Apple has added several security fixes into the latest versions of iTunes and Quicktime.
The company has issued a pair of postings outlining 9 security fixes in Quicktime 7.5.5 and two fixes in the new iTunes 8.0.
The iTunes update contains a patch for what Apple has termed a "misleading" dialog in the OS X version of the player. The message occurred when users running OS X 10.4 or earlier were presented with a dialogue box which said that enabling iTunes Music Sharing would have no affect on the Mac's firewall protections.
"Allowing iTunes Music Sharing or any other service through the firewall inherently affects security by exposing the service to remote entities," the company explained in the posting.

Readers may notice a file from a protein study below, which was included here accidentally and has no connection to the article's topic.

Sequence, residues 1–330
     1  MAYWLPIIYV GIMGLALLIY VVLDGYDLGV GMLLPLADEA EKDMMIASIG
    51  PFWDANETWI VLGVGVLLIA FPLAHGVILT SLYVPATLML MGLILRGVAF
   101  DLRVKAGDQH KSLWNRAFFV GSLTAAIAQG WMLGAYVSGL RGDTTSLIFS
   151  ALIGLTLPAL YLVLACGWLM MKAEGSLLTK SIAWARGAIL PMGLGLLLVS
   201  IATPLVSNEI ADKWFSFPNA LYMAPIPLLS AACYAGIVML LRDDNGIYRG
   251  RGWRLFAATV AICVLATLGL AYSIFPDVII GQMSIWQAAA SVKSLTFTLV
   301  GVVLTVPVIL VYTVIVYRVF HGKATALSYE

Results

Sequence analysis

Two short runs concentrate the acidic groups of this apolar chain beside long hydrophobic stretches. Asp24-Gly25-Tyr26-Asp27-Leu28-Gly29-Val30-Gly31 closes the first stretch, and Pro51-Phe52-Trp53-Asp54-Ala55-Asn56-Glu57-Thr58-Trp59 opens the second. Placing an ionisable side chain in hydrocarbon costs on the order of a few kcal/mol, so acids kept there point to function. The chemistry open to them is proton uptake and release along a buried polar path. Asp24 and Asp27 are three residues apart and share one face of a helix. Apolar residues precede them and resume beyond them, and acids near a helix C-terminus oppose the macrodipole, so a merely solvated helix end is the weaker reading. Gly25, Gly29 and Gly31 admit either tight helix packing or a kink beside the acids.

Also fixed was an issue in the Windows XP and Vista ports of iTunes. The flaw could allow an attacker to use a maliciously-crafted third party driver to crash iTunes and change user privileges.
Eight of the nine fixes for Quicktime address flaws which could be used by an attacker to remotely execute code on a targeted system. Eight of the flaws affected the Windows version of the media player, while five also affected OS X users.
The vulnerabilities included issues in the browser's handling of movie files, PICT files and QTVR movies.
In addition to the Quicktime and iTunes fixes, Apple also issued security fixes within the new version of Bonjour for Windows and the iPod Touch firmware update.
Users can obtain the updates through Apple's Software Update application or by visiting the company's download site.
Apple slips security fixes into rollout
By Shaun Nichols on Sep 10, 2008 8:15AM